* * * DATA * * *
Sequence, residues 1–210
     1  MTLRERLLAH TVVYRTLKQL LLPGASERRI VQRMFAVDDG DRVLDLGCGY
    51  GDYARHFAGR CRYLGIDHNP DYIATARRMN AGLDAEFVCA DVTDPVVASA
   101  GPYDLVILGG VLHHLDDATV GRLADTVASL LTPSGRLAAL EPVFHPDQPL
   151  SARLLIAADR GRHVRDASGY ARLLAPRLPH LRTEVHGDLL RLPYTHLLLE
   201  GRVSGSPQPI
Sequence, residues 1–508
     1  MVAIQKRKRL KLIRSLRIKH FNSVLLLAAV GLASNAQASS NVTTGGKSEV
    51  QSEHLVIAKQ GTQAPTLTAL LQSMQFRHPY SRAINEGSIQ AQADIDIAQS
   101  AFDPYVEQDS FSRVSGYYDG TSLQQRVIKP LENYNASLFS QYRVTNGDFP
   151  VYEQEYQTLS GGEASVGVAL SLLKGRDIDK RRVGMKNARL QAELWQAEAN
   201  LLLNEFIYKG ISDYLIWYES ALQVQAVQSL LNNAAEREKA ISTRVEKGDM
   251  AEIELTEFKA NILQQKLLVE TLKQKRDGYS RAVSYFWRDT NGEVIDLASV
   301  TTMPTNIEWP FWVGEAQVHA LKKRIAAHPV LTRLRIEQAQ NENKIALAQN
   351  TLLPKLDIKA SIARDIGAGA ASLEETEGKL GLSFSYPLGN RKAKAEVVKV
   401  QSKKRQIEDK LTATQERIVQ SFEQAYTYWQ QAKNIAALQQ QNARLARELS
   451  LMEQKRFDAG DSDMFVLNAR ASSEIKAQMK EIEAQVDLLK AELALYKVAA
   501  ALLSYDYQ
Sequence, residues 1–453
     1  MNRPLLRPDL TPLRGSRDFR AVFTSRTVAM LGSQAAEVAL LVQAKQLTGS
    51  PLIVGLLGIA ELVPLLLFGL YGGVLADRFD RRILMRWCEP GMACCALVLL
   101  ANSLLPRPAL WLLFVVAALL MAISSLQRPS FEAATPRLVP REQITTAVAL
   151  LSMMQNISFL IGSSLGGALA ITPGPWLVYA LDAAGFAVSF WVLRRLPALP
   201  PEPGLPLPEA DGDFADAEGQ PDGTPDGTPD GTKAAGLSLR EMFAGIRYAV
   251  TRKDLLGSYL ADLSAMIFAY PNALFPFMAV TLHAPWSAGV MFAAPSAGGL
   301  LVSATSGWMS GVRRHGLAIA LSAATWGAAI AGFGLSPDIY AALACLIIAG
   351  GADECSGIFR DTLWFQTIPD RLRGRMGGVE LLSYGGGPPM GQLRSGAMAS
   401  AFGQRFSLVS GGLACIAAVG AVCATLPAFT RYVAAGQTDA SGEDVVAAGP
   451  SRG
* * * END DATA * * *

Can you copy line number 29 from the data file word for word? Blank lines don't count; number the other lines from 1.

   451  SRG